Exosomes secreted from HCV-infected hepatocytes play a critical role in promoting intercellular crosstalk with liver non-parenchymal cells [46,47]. HCV infection may directly activate a signaling network in hepatocytes, promoting release of immunoregulatory molecules packaged into exosomes, leading to intercellular communication inducing for activation of fibrotic macrophages and LSEC (Fig. 3). Recently, accumulating evidence demonstrates that exosomes and exosomal miRNAs from HCV-infected hepatocytes lead to polarization and differentiation of macrophages and mediate pro-fibrotic responses in HSC and T follicular regulatory (Tfr) cells expansion [48-50]. This suggests that development of liver disease involves intercellular communication during HCV infection. Interestingly, some studies have reported increased release of specific miRNAs, such as miR-122 in HCV infection [51]. Recently, potential cellular and molecular mechanisms of HCV-mediated secretions of exosome and exosomal miRNAs have been elucidated [52].

Exosomes containing immunoregulatory molecules

Numerous studies have been conducted to identify contents of exosomes secreted from HCV-infected hepatocytes and define their biological function. Interestingly, HCV exosomes play a role in regulating host immune responses and facilitating development of persistent HCV infections and chronic liver diseases. HCV-dependent elevated reactive oxygen species (ROS) levels and induction of autophagy are related to exosomes derived from the endosomal pathway [53]. Toll-like receptor (TLR) 7 and TLR8 are present in intracellular vesicles from HCV-infected hepatocytes and macrophages [54]. TLR is a type of pattern-recognition receptor in the immune system recognizing pathogen-associated molecular patterns (PAMPs) and exerts a broad spectrum of innate immunity. Exosomes containing single-strand HCV RNA have been shown to affect differentiation of monocytes to fibrogenic macrophages in a TLR7/8-dependent manner [48]. TLR3 activation was reduced under influence of viral dsRNA contained in exosomes secreted from HCV-positive cells, showing a novel mechanism to evade the host immune response in virus persistence [55].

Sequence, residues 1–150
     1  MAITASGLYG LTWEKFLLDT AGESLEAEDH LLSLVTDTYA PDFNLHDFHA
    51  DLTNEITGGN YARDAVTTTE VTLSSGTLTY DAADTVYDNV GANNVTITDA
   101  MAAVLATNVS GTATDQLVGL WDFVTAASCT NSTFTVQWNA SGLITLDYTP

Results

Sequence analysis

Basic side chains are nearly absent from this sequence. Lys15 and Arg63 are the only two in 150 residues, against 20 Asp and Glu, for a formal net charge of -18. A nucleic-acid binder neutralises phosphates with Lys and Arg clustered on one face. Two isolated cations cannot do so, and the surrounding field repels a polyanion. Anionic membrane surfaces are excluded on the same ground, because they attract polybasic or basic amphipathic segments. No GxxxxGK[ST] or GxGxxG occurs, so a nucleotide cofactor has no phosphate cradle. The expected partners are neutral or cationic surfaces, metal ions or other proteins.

Moreover, HCV exosomes isolated from infected hepatocytes contain TGF-β at the surface of exosomes. TGF-β is important for induction and expansion of Tfr cells, a subset of Tregs [56]. Increased Treg responses are a prominent feature in HCV infection such that Tregs are increased in both number and function in chronic hepatitis C patients and are positively correlated with viral load [6,7]. Furthermore, abundant Tregs are found in the livers of chronic hepatitis C patients [57,58]. Recently Tfr cells have been identified for functional regulation of germinal center (GC) responses by limiting Tfh cells and B cells [59,60]. Tfrs are reported to be increased in the circulation of chronic hepatitis C patients [61]. Tfrs are identified by the expression of follicular markers CXCR5 and PD-1 and regulatory markers CD25 and Foxp3. This allows Tfrs to co-migrate with Tfh to control GC responses [62]. Interestingly, lymphoid follicles, containing T- and B-cells, are commonly observed in the livers of HCV-infected patients and exhibit signs of GC-like architecture [63,64]. Recent studies have identified the presence of Tfh within the livers of HCV-infected patients [65].